One of Mary Grace Henry’s favorite quotes is from Mother Teresa:
Not all of us can do great things, but we can all do small things with great love.
– Mother Teresa
Doing small things with great love epitomizes the work of Mary Grace, recipient of our 2014 Youth Award. That combined with an ability to achieve anything she puts her mind to.
“My advice is just to begin,” Mary Grace told us. “When you see a need, act. Dream big, but start small, taking little steps.”
When she was 12, Mary Grace became determined to change the life of an underprivileged girl by funding her education. She taught herself how to make reversible headbands with a plan to use 100% of the profits to send girls living in extreme poverty to school.
“I realized that the very best tool that would give someone a real chance was one she could use to pursue her own dreams: an education,” Mary Grace said.
Undaunted by the fact that she knew nothing about sewing or running a business, Mary Grace got to work. She asked her parents for an early birthday present – a sewing machine, practiced sewing headbands for months, and eventually made enough to sell at her school’s bookstore.
Pretty soon, Mary Grace had raised enough money to reach her goal. But she couldn’t stop there: so many other girls still did not have access to education.
“The greatest obstacle to education faced by both girls and boys is poverty,” Mary Grace said. “Girls, though, face a second hurdle that is far more difficult to address: their culture. In many countries throughout the world, girls are viewed as having not just lesser value than boys, but often devastatingly little or no value.”
Today, Mary Grace is the Founder of Reverse The Course, a social business that has sold more than 11,000 hair accessories, through her website and through retail partners in seven states, to fund the education of girls in Kenya, Uganda, Paraguay and Haiti.
Read more below about why Mary Grace started Reverse The Course, and why she doesn’t plan on slowing down anytime soon:
1. What do you think is the number one obstacle preventing girls from getting an education?
The greatest obstacle to education faced by both girls and boys is poverty. Girls, though, face a second hurdle that is far more difficult to address: their culture. In many countries throughout the world, girls are viewed as having not just lesser value than boys, but often devastatingly little or no value.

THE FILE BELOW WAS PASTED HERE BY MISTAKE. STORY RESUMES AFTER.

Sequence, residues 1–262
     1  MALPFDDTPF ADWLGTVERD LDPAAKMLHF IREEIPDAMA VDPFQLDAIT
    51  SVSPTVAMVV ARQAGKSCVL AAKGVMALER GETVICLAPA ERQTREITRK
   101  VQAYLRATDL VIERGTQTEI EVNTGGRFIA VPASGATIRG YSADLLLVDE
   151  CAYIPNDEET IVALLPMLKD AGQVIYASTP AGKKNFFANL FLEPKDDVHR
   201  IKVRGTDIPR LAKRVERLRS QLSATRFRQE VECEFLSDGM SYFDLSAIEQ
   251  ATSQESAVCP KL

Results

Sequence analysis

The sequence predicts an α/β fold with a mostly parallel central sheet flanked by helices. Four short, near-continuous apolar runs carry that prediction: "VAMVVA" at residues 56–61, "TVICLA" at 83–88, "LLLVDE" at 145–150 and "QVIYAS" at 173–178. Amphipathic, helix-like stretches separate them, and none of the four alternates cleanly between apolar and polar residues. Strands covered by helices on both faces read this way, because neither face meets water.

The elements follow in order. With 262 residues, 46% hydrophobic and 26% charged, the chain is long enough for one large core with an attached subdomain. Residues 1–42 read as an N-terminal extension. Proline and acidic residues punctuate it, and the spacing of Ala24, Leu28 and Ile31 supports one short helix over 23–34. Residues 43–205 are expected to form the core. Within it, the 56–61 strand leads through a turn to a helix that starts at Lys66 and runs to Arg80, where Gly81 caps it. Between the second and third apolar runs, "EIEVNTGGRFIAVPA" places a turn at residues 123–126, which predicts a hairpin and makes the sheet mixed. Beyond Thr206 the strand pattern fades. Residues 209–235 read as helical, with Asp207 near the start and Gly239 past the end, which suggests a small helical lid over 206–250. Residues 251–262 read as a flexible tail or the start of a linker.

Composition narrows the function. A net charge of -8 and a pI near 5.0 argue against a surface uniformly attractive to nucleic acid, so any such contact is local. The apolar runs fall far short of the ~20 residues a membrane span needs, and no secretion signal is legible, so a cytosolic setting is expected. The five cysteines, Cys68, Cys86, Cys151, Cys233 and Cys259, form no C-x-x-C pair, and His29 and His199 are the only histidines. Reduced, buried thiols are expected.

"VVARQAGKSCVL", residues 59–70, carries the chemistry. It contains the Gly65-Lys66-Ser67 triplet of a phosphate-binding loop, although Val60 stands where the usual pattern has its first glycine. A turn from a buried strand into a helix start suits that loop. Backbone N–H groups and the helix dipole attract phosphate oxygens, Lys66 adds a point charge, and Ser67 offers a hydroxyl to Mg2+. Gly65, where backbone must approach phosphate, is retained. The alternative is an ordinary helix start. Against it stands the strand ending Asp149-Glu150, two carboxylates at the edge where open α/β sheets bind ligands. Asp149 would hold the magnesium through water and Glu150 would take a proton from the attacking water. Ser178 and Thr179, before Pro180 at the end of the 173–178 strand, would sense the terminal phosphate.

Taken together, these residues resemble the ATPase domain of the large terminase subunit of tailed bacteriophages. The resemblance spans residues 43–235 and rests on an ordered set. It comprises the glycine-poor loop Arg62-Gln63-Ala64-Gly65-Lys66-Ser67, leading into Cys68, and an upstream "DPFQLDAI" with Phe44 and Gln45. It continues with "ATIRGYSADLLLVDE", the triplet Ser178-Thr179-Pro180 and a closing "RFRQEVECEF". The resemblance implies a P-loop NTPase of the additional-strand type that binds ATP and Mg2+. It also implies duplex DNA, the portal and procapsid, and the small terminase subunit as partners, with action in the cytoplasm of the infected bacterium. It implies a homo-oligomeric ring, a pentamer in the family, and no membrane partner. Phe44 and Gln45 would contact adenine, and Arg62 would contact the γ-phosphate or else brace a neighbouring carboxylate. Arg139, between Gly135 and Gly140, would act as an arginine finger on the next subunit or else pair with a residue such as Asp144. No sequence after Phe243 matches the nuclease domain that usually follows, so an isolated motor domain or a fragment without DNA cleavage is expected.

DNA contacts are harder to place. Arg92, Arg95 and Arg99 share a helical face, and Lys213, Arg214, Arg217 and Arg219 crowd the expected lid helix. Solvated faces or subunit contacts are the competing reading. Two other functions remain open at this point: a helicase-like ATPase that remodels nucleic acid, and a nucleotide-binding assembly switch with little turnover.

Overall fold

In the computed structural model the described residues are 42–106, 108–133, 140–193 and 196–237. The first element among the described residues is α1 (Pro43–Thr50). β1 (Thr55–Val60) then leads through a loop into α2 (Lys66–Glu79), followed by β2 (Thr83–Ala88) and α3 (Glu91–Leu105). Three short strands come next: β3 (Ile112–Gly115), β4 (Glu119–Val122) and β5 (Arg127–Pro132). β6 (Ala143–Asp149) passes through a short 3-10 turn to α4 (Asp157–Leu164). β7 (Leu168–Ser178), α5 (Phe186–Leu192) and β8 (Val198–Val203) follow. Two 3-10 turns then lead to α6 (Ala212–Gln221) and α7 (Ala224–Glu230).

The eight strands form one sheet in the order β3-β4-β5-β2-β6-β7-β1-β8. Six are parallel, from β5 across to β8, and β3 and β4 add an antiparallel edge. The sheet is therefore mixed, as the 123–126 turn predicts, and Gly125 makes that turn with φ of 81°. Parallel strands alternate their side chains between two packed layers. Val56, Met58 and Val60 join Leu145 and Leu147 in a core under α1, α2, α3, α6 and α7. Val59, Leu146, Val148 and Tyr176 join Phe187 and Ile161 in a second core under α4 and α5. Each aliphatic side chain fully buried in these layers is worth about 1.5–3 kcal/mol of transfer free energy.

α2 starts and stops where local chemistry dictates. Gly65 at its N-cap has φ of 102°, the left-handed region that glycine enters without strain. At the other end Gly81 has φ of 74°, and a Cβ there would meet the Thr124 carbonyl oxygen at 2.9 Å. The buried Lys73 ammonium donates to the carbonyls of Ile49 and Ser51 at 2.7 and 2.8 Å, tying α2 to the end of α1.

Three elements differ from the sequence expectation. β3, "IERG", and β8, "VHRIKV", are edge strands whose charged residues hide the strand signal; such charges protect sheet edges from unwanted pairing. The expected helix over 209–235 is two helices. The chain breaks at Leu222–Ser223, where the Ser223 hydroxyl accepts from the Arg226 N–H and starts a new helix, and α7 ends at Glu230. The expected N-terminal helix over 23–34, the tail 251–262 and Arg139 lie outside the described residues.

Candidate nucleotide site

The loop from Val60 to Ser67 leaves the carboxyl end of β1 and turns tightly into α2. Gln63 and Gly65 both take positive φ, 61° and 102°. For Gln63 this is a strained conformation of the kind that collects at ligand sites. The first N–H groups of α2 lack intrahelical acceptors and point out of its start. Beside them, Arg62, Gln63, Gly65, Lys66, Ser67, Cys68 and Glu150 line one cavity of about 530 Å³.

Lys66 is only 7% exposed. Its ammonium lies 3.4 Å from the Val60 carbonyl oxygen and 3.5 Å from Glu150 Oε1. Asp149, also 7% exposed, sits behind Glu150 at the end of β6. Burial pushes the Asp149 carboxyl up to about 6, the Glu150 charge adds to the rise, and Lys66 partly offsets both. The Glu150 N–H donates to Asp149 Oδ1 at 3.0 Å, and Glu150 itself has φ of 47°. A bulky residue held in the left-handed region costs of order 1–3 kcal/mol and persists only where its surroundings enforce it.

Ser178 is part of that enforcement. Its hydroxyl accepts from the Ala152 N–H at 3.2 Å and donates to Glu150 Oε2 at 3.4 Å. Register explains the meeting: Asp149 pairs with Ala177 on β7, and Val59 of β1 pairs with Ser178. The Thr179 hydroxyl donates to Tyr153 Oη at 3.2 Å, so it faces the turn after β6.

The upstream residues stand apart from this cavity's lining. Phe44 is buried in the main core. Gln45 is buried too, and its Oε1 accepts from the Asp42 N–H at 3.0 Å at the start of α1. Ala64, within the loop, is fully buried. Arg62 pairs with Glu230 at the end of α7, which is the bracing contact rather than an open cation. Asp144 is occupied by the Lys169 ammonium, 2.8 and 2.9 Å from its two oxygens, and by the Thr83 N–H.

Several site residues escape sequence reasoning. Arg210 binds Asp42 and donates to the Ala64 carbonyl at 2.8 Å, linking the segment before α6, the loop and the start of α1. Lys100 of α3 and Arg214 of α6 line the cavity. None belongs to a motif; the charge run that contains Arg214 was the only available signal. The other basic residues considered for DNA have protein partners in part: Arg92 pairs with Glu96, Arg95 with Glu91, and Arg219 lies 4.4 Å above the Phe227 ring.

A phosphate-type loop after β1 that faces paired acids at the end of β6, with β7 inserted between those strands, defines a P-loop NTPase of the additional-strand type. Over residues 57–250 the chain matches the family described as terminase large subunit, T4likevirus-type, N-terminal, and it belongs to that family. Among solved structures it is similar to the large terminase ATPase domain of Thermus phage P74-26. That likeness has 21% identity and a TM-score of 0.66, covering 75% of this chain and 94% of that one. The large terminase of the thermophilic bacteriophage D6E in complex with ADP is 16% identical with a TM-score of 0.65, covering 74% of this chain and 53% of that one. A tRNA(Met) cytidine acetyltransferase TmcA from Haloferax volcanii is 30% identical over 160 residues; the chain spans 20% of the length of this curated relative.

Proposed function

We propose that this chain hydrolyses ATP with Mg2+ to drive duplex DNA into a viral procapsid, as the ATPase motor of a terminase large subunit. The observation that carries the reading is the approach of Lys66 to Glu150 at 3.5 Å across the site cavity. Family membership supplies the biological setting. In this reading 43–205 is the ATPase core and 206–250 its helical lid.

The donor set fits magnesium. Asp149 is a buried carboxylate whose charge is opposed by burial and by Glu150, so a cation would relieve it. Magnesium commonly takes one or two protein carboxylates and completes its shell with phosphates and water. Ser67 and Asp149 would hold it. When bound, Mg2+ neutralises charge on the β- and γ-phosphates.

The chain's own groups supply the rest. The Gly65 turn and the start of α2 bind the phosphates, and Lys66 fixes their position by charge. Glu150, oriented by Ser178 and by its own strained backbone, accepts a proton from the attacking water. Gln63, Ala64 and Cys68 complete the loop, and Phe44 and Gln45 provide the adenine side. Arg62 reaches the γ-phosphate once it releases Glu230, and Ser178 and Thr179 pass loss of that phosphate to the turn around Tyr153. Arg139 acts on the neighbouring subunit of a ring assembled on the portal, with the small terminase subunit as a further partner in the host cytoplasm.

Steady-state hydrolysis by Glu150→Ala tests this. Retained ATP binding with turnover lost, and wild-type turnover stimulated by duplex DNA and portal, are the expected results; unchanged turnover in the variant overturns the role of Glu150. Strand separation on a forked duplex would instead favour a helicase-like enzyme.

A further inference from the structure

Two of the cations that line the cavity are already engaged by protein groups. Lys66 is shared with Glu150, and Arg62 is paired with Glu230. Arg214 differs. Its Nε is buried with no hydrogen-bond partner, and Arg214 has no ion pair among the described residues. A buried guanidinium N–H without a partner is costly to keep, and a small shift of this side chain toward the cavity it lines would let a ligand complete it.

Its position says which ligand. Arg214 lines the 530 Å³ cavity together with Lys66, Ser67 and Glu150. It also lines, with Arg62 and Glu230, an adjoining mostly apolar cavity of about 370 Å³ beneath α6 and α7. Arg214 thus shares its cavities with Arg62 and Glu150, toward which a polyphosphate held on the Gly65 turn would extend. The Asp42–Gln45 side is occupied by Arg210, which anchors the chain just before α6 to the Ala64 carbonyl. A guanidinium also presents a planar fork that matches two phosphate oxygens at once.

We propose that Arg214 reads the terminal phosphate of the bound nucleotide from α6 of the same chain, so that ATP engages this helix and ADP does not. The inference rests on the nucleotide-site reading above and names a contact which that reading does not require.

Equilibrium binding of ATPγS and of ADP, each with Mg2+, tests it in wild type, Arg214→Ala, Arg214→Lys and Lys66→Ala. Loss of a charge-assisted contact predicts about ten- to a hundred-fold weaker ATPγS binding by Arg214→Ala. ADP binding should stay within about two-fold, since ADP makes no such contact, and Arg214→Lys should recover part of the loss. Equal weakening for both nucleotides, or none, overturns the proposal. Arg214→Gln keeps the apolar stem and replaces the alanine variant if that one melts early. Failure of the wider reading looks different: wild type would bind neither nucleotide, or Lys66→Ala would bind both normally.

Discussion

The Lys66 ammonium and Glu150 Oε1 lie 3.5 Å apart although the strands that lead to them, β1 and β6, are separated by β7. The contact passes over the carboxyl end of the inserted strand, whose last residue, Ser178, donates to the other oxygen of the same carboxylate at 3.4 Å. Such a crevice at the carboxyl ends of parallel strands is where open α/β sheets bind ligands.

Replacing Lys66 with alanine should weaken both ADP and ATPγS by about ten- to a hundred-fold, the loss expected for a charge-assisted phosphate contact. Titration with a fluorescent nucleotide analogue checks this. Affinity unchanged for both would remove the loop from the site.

This manifests itself in different ways depending on geography and, in many countries, religion. Girls are aborted because families do not want to pay a dowry; desperately poor families sell their daughters, dooming them to lives chained to a sewing machines 15 hours a day; in many regions, women and girls are used as “free labor;” in places where a woman’s value is in the number of children she bears, girls as young as 11 and 12 are married. Families often believe it is better to invest in sons who will remain with them than in daughters who will join their husbands’ families.
Though the patriarchal society dominant in so many countries perpetuates the discrimination against girls, the passage of laws mandating primary school education for girls has finally helped put a crack in these barriers.
2. What does it mean to you to win a World of Children?
It means that I am part of something bigger than my dream, part of an entire community that cares deeply about the fate of the most vulnerable: children.
World of Children’s network will be a resource in ways I have yet to comprehend. This Award is a seal of approval that will allow us to become more financially stable, ensuring the Foundation’s ability to expand and continue our mission to educate girls.
The World of Children Youth Award validates my work as being effective, empowering and life-changing in “reversing the course” of marginalized girls’ lives. I am humbled and forever grateful that I’ve been chosen for this extraordinary honor.
3. Do you have any advice for any other young people who want to start programs for vulnerable children?
One of my favorite quotes is from Mother Teresa: “Not all of us can do great things, but we can all do small things with great love.”
My advice is to just begin. When you see a need, act. Dream big, but start small, taking little steps. Set an initial goal and don’t scare yourself thinking about the “what ifs.” Each step taken will present both new opportunities and new challenges. Face each one as it comes and then keep going. All those little steps, done with love, will lead you to places impossible to imagine.
4. With all that you have accomplished, could you share one moment that has stuck with you?
Growing up, I was always talking about what I wanted to be. I spent a year wanting to be an artist, another a teacher, several years envisioning myself as an astronaut.
When I asked Barbara Lee Shaw, the Founder of the Maasai Girls Education Fund, to find out what our students wanted to be, I expected to hear similar answers.
A month later, Barbara called me to say that when the girls were asked to write me a little note answering my question, they sat looking at the discussion leader, Lucy, silently. When she repeated the request, one girl raised her hand and asked what did “to be” mean. As Lucy explained, one girl looked shocked and said she never thought she could be anything except what the village elders told her to be. Another girl began to cry as she thought about all the possibilities before her. That was when I fully comprehended my work was really accomplishing what I hoped: giving girls the chance to define their own dreams.
On November 6, Mary Grace will be honored in New York City with the 2014 World of Children Youth Award at our annual Awards Ceremony along with 5 other extraordinary changemakers for children. Learn more >>